Jennifer Finney Boylan, the inaugural Anna Quindlen Writer in Residence and a professor of English at Barnard College, is a well-known author, trans activist, and television personality. Among her 15 books is the award-winning memoir She’s Not There: A Life in Two Genders (Random House, 2003). In February 2017, the Schlesinger was pleased to host “Gender, Politics, and Imagination: An Afternoon with Jennifer Finney Boylan,” during which she spoke about privilege, politics, and poetics. She has since donated her papers to the Library, and they were added to the online catalog in August. We spoke to Boylan about her decision to entrust her papers to us.
Why did you choose the Schlesinger as the home for your papers?
Well, the Schlesinger has one of the world’s best collections of the works, the writings, and the artifacts of American women. Adrienne Rich’s papers are there. The archives of the National Organization for Women are there. The original drafts of Our Bodies, Ourselves, by the Boston Women’s Health Collective, are there. It seemed like auspicious company for someone like me, someone whose woman-hood has been hard fought—and hard won. I’m also honored, of course, by the connection to Radcliffe, which, both as an independent college and as a Harvard institute, is dedicated, among other things, to the role of gender in education.
Also, to be honest, it was Jane Kamensky who first reached out to me. I don’t have an obvious connection to Harvard, although I’ve spoken there on a couple of occasions. But some of the more obvious choices—Wesleyan, which I attended as an undergraduate, and Colby, where I worked for 25 years—didn’t seem exactly breathless at the prospect of acquiring my works. Jane Kamensky was different. She made it clear from the first that the fight for transgender rights and equal protection under the law were part of what the Schlesinger saw as an important cultural milestone in the 21st century. She made me feel that my papers would be valued and that they would be part of a larger collection dedicated to the progress of women—and men—as we seek to create a more just society.
In your view, how will your papers enrich the Library’s holdings?
You’re making me grin because you’re asking me to speak of my own work in an immodest, boastful manner, and that doesn’t really come naturally to me. Wasn’t there a character called Furious Frog in Aesop who kept puffiing himself up larger and larger, to impress everyone else, until finally he exploded? I want to avoid that fate. But let’s just say that in my various manuscripts and artifacts, archivists and readers might find evidence of a change in the culture’s understanding of gender and of the fight for transgender acceptance in particular. My memoir, She’s Not There, was the first best-selling work by a transgender American, and I hope that that speaks to a sense of progress. One of the manuscripts I’ve donated to the collection contains handwritten edits and suggestions by my friend Richard Russo, who also figures as a character in that book. Since Rick won the Pulitzer Prize for Fiction, his annotations on a book that already has some historical significance are, I think, an additional treasure.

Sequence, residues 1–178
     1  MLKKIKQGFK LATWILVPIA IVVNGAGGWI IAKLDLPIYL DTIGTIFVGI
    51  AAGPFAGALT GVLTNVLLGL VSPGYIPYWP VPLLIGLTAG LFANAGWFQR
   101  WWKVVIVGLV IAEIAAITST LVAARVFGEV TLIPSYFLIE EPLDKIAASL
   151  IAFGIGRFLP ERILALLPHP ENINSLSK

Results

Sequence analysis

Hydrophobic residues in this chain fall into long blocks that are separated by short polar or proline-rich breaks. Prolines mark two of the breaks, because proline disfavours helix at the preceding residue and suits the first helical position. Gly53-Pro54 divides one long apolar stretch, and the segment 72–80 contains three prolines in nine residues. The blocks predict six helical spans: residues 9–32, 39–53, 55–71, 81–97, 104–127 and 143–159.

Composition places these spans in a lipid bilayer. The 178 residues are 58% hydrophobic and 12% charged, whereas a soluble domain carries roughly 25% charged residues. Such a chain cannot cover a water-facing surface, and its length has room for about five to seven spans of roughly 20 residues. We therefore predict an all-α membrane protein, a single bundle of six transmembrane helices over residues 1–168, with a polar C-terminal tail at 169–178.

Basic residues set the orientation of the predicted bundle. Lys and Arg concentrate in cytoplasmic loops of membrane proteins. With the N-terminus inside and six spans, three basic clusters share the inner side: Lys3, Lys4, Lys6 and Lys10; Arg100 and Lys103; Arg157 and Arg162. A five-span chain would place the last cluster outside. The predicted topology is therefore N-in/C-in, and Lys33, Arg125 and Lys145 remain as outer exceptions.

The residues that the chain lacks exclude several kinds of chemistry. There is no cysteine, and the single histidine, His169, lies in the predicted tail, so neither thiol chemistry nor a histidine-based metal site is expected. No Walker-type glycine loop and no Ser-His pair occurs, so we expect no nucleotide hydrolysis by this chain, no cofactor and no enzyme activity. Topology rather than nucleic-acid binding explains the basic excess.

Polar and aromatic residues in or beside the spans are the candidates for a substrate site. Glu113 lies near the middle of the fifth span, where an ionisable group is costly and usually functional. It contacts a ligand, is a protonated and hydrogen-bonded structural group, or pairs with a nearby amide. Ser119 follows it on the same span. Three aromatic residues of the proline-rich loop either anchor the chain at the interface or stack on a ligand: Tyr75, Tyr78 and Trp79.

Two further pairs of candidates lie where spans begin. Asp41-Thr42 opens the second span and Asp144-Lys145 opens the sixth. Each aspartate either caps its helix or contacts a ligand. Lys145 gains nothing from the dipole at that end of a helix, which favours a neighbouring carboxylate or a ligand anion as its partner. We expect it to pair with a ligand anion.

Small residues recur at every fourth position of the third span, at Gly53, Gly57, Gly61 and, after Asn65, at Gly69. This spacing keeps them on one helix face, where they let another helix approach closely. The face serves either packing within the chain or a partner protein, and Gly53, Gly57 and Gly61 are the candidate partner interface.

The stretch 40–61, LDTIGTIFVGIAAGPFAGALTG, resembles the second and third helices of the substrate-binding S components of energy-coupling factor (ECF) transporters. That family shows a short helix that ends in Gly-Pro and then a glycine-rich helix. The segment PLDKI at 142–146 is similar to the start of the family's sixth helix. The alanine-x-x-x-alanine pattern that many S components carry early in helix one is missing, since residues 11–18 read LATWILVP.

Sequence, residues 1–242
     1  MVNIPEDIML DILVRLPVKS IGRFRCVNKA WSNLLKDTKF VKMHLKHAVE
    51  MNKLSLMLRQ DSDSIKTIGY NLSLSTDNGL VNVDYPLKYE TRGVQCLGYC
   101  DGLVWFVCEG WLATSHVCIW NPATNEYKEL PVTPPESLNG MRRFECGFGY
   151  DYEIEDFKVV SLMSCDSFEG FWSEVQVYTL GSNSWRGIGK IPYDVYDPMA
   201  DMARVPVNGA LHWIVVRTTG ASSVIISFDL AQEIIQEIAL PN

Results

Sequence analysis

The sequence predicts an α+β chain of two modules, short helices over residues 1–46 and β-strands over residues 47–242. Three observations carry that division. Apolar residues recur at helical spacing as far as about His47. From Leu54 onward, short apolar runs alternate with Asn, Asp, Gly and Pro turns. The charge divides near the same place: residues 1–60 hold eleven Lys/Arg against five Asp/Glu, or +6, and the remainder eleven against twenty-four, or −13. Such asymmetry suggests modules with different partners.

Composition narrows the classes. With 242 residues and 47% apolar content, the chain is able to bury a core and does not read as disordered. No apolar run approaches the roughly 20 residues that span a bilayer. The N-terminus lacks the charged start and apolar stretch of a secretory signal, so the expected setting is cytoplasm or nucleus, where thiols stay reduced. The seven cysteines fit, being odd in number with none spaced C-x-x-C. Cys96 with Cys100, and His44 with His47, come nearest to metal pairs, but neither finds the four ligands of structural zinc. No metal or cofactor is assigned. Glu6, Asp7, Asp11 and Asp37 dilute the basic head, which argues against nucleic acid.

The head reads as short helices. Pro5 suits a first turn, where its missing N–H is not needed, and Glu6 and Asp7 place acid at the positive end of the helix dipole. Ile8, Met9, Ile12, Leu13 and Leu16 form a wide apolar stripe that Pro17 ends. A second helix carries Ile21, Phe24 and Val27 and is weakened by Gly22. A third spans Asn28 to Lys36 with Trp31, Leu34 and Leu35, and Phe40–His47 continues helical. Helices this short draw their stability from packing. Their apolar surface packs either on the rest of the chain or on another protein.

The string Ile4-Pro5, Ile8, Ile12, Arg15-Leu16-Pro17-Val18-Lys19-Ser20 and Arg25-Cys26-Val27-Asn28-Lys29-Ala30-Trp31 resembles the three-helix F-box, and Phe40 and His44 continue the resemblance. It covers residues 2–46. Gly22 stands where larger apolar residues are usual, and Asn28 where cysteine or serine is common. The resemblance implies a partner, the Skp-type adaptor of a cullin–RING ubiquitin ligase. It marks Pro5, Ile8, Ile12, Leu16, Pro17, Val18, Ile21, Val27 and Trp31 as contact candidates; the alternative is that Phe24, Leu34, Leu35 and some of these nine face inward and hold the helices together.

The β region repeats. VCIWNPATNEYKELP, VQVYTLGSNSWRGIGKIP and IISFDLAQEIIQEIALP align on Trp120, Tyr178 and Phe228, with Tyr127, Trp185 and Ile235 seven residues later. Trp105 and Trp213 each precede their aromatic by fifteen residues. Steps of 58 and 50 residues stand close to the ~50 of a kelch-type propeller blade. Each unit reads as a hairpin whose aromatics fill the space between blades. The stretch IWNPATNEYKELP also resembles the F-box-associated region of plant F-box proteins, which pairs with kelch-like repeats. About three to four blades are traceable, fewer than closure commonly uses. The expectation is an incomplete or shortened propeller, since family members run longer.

What was it like—logistically, intellectually, and emotionally—to review your papers in preparation for the transfer?
Well, in some ways it was grim, because I felt from the outset that it was like preparing for life after I’m gone. And as William Saroyan said, “Everybody has to die, but I always believed an exception would be made in my case.” It felt like preparing for the grave. Jane Kamensky said to me, “Well, think of it more like picking out a nice burial plot”—a comment that failed to cheer me.
But after the initial sadness of it, there was joy, too, in part because now I know that some of the things I care about will have a good home. And there are a couple of manuscripts that I never published that will be available, and which may indeed find readers in years to come. There’s a novel titled “Sex in the Wilderness,” about a group of seven friends through-hiking the Appalachian Trail, from Georgia to Maine, with the ashes of a friend of theirs; their intention is to sprinkle those ashes on top of Mt. Katahdin. Only one of the seven makes it all the way. It’s a book I love, and which I hope will bring joy to future readers.
How did you choose what to archive and what to seal or immediately make public?
I didn’t want to embarrass anyone, at least while I’m alive. I have a pretty vivid diary of my transition from male to female from 2000 to 2003 or so. That I’ll keep sealed up, since it names a lot of names. Also, there’s a manuscript of a screenplay called “The Language of Women,” which I wrote with Rick Russo before transition. There are some fairly raw things in that as well, and I wanted to make sure I didn’t complicate my friendship with him or anybody else. After I’m gone, of course, everybody’s on their own.
What do you hope future researchers will take away from your personal effects?
I hope they will provide snapshots of what it meant to be a working writer in the late 20th century. The first items I donated are short works I created while a graduate student in the 1980s; the collection goes right up to the current day (and more items will come in years ahead). I know that it’s my work on gender—and how that work is reflected in some of my fiction—that might catch historians’ eyes first. But I also hope that readers will be touched by the stories themselves—the memoirs and the short pieces and the fiction. I don’t know whether they will see these works as having been written by a man, or a woman, or someone who traveled between those realms. But I do hope people will be moved by these snapshots—some of them clear, some of them blurry—of what it meant to be alive during these strange, urgent years.